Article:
Sick Days

June 18, 2008 by  
Filed under DIABETES

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sickdays1.jpgWhen you are a diabetic sick days mean much more than calling in sick to work and crawling under the covers.

Planning is the most important part of your sick day regime.

  • Talk to your physician now– about how after hours calls are handled.
  • Review your health insurance. Does your provider require a notification phone call for an emergency room visit? What exactly are the parameters of your insurance coverage co-pay and deductible?
  • Who is your designated emergency contact besides your health care team? Who will you call if you need a ride to the doctor’s office or you need someone to give you your insulin injections?

Illness stresses the body, making your glucose levels rise. The same hormones that fight illness will also raise your glucose and block insulin from reducing glucose. In addition, many simple over-the-counter medications (OTC), such as cough syrups, cough drops, and decongestants and can contribute to this problem. Talk to your pharmacist about which products are sugar-free or better OTC choices.

Most diabetes sources recommend some sort of sick day kit. Along with routine supplies such as a thermometer, you will want to keep extra blood test strips, ketone test strips, sick day medications, lists of emergency contacts, and carb lists. This would be a good place for back up supplies such as batteries for your glucose meter.

Ask your health care provider or a member of your diabetes team what parameters they suggest for maintaining carbohydrate intake when you are having difficulty keeping solid food down. Review this before you get sick and keep supplies on hand along with a list in your sick day kit. The University of Michigan Health System provides a list of carbs and values for sick days on their site, as does BD Diabetes . com. Print these up now and keep them in your sick day kit.

General guidelines :

Stay hydrated. If you are keeping meals down, and resting most of the time, drink 8 ounces of calorie-free, caffeine free beverages every hour when you are awake, or set the alarm clock to remind yourself. Avoid milk and milk products if you are nauseated. Stick to clear liquids (flat lemon-lime soda, or ginger ale, Popsicles) and graduate slowly to fluids with higher nutritional value (Gatorade, Pedialyte, clear soups). Avoid caffeinated products which will increase dehydration.

Don’t stop taking your routine diabetes medication unless you absolutely are unable to or your physician instructs you otherwise. Do keep a closer eye on your glucose levels.

If you don’t have a glucose monitor, get one for sick days. The Mayo Clinic suggests this plan for checking your glucose levels on sick days:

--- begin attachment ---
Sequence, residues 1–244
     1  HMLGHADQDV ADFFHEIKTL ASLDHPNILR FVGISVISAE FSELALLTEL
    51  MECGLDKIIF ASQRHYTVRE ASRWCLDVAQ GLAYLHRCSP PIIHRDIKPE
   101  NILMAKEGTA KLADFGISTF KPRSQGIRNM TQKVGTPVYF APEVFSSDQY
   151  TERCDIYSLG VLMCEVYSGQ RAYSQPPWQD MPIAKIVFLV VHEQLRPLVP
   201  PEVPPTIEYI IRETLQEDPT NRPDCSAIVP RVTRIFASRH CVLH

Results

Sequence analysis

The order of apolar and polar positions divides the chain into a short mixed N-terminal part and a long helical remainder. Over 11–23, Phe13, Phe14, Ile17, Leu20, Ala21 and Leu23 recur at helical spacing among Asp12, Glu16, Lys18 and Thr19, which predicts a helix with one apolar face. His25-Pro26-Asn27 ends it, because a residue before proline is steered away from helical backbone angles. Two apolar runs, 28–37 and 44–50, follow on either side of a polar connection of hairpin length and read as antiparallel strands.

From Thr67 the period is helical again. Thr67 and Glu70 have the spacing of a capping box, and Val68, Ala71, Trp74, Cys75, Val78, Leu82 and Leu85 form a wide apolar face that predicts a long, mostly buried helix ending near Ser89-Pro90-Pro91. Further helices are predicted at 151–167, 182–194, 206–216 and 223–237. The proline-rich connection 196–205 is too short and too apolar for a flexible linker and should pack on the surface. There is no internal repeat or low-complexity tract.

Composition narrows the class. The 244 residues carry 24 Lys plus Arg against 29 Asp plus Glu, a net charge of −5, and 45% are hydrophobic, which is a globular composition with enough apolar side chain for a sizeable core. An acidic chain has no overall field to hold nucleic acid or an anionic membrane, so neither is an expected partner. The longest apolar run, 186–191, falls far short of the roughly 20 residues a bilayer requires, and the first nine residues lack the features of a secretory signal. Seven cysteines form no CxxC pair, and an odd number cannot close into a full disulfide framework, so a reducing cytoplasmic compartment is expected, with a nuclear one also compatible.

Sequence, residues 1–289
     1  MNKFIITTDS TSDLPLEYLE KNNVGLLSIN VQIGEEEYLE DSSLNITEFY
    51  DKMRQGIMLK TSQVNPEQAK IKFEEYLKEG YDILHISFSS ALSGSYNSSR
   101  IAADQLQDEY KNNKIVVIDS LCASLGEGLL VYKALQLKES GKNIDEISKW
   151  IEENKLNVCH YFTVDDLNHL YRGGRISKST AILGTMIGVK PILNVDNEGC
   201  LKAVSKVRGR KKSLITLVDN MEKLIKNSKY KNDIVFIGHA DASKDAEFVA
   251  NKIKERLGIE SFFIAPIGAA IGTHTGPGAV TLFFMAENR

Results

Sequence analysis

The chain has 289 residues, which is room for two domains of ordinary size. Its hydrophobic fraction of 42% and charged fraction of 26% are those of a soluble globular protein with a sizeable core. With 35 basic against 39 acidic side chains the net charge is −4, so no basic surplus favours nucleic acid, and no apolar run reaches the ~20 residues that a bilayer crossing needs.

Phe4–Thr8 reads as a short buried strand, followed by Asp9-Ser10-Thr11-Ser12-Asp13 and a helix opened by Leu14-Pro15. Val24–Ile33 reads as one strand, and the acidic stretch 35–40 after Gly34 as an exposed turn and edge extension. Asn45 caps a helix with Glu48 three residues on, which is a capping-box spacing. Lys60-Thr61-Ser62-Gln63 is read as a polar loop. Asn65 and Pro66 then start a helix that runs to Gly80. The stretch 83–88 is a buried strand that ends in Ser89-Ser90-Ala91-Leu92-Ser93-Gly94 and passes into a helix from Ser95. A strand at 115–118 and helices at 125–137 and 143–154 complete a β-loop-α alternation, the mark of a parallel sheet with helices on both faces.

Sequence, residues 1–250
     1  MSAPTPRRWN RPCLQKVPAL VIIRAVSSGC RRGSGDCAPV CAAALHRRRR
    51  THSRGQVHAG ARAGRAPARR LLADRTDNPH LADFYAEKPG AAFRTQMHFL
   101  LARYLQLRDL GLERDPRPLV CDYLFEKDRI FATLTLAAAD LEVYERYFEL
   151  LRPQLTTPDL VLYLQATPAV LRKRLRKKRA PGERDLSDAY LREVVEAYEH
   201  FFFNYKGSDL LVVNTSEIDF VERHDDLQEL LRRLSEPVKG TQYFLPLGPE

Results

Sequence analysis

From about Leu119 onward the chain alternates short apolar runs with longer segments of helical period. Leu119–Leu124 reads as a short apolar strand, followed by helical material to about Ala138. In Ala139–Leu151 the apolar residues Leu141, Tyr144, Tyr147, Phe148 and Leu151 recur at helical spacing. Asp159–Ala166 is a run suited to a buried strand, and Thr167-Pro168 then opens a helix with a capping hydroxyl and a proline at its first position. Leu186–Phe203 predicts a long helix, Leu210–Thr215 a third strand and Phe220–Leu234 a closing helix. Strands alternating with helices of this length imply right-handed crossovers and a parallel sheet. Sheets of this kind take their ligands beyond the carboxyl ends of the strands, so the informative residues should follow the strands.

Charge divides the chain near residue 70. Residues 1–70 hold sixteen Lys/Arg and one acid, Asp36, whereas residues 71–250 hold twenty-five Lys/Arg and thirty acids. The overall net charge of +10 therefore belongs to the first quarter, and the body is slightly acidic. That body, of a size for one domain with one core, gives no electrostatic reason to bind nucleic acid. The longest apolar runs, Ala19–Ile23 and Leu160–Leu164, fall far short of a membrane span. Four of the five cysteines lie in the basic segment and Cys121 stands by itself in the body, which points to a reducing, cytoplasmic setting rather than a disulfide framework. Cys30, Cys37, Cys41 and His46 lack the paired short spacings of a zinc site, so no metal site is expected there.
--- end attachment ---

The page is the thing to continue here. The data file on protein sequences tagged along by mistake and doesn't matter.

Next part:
• Type 1 diabetes. Check your blood sugar and urine ketone levels every four hours.
  • Type 2 diabetes. Check your blood sugar levels four times a day. If your blood sugar level is higher than 300 mg/dL, check your urine for ketones. Make sure your test strips haven’t expired.

The American Diabetes Association recommends you call your health care provider or team when:

  • you’ve been sick or have had a fever for a couple of days and aren’t getting better
  • you’ve been vomiting or having diarrhea for more than 6 hours
  • you have moderate to large amounts of ketones in your urine
  • your glucose levels are higher than 240 even though you’ve taken the extra insulin your sick-day plan calls for
  • you take pills for your diabetes and your blood sugar level climbs to more than 240 before meals and stays there for more than 24 hours
  • you have symptoms that might signal ketoacidosis or dehydration or some other serious condition (for example, your chest hurts, you are having trouble breathing, your breath smells fruity, or your lips or tongue are dry and cracked)
  • you aren’t certain what to do to take care of yourself

Again, planning ahead is critical. Keep your freezer and pantry stocked with sick day supplies. Have that call list where you or your contacts can find it when you are sick. Plan now for inevitable sick days ahead.

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NOTE: The contents in this blog are for informational purposes only, and should not be construed as medical advice, diagnosis, treatment or a substitute for professional care. Always seek the advice of your physician or other qualified health professional before making changes to any existing treatment or program. Some of the information presented in this blog may already be out of date.

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